Very Virgo

Here’s a thing I say frequently:

It’s an observation, not a judgement.

I say this because I comment on things without thinking of the impact of those comments. I share information that I find interesting that is never meant to be a slight on someone (either directly or indirectly) but can often be taken in such a way. I notice and observe behaviours—out loud—and don’t often consider the consequences to the person about whom I’ve made those observations. I ask why; why would you do that? Which people find offensive. Which, I’ve learned, they interpret to mean I’m judging them/their choices. Which I’m now learning could be part of autism—and not because I’m very Virgo.

An image of a tweet by @spikeeinbinder that reads "gonna stop telling ppl i'm autistic, it just alienates me more! now i'll say i'm overwhelmed and leaving this party where everyone is drunk, it smells like febreeze and cat litter because I'm a Virgo, they'd be like yesssss earth sign! go home and alphabetize something, queen!"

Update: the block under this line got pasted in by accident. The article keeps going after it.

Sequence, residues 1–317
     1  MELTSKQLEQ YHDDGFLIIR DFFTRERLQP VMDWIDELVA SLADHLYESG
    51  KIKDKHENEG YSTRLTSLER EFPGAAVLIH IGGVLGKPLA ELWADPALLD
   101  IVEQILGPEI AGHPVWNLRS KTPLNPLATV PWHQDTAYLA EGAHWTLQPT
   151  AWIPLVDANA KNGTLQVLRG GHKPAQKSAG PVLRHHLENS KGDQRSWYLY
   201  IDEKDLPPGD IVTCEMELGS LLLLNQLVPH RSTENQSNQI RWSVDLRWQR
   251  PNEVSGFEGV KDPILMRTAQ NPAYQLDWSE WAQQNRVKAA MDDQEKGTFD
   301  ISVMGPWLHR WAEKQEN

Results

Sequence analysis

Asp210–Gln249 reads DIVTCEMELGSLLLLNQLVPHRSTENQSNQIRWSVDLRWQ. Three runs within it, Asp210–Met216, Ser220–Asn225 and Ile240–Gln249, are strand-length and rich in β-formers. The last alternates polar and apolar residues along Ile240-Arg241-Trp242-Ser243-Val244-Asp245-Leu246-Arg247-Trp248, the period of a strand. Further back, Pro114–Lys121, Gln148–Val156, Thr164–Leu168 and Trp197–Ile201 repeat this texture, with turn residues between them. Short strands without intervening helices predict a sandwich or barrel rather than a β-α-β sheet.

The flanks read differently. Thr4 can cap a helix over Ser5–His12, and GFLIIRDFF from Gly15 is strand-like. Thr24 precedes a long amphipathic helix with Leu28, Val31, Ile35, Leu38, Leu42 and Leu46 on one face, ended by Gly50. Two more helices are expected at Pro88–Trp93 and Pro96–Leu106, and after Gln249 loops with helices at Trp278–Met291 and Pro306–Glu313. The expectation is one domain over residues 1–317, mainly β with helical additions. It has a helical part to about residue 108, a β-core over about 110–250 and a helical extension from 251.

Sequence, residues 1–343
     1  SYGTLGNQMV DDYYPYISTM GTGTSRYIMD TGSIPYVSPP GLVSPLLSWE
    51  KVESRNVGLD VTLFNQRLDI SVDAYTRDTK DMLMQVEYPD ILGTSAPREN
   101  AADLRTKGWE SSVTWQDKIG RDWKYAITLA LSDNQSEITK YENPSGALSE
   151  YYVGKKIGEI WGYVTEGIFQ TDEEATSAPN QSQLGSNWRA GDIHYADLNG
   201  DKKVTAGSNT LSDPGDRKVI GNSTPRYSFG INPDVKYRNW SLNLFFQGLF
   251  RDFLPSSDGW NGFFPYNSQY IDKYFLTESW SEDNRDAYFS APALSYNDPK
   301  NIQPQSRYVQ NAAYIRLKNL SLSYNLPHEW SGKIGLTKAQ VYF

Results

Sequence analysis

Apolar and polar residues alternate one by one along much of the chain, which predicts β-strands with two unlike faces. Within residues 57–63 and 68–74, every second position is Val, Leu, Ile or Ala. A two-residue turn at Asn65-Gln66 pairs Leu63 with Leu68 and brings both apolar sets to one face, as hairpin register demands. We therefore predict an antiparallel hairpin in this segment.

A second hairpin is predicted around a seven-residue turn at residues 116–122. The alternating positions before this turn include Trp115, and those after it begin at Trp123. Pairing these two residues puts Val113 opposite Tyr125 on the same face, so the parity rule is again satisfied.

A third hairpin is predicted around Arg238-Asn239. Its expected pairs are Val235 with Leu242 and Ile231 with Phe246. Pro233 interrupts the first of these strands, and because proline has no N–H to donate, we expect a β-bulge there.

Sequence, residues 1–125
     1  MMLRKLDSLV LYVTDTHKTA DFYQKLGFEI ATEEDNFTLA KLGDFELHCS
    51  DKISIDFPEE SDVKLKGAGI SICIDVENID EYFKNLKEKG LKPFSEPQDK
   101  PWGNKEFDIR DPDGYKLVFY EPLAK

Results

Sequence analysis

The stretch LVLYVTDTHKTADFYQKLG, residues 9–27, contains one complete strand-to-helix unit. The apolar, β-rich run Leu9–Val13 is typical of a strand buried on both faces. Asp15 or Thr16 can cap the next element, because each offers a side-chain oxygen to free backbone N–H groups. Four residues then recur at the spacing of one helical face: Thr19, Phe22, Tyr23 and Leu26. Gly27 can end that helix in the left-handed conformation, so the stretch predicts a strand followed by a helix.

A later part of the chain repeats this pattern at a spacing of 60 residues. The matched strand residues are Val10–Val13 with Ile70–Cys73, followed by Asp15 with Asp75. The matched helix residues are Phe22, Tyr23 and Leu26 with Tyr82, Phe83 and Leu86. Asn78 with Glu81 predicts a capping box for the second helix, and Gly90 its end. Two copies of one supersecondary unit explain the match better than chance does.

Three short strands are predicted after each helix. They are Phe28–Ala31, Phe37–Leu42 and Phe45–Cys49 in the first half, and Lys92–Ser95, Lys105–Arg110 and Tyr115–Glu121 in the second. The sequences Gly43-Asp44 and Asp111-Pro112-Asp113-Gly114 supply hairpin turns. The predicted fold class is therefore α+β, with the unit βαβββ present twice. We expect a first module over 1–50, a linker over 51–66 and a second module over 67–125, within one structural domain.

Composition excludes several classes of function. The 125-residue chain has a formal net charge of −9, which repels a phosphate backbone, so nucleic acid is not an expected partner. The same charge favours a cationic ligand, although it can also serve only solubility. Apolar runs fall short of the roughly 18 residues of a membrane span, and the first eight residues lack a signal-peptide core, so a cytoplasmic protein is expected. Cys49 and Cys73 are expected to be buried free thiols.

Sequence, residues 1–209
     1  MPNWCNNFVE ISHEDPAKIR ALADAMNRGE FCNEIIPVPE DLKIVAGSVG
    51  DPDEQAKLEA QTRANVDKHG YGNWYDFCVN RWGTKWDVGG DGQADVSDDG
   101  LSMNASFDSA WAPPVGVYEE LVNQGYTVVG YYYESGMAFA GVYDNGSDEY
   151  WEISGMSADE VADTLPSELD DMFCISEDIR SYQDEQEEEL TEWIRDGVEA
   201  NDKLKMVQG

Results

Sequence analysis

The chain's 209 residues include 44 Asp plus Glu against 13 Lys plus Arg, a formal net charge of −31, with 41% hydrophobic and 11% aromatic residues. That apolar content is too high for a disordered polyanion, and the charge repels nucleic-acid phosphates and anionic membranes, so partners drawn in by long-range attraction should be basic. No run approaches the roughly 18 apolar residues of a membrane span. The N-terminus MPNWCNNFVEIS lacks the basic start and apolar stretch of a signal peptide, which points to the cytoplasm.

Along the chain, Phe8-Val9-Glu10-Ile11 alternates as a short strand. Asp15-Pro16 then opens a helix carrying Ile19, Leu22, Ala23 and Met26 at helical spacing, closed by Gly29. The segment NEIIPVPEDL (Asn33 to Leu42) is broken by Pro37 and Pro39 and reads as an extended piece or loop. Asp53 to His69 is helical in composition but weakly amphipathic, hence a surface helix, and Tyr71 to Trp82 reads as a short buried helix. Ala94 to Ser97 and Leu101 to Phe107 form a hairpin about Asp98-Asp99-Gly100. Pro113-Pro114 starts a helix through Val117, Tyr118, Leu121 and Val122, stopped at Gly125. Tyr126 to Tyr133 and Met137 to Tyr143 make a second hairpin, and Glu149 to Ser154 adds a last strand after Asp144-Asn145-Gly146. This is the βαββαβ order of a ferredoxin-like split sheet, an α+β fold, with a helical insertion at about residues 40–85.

Image of a tweet by @spikeeinbinder

Virgo people are frequently maligned for being pedantic, judgemental, aloof, hypercritical, neurotic, ruminative, unwilling to adapt, inflexible, hard to satisfy, too detail oriented, and for always wanting things their own way. While they are worded differently, I’ve noticed many of these traits also appear on the list of symptoms of autism. I’m not making a comparison between astrology and autism–mostly because I don’t believe in astrology. But I now find it troubling that many of my behaviours, which may have been the presentation of autism, I have minimised and laughed off as “just being a Virgo”.

When I first began living with G, he struggled with my constant comments—which he took as criticisms. That wasn’t entirely my fault. Historically, he’d felt belittled and criticised in previous relationships, so his reaction was from a place where comments were not neutral. But for me, attempting to understand why other people do the things they do, or say the things they say, happens out loud. With questions. With comments.

But not with malice. Not with judgement.

My comments do not come from a trait of criticism but instead, from a state of curiosity. An attempt to process the world and the people in it.

I want to know the why of everything.

It’s one of the things that makes me good at my job.

But it doesn’t make me good with people.

And so, after yet another comment, I find myself repeating: it’s an observation, not a judgement.

And, when something I say comes across the wrong way, I’m sorry.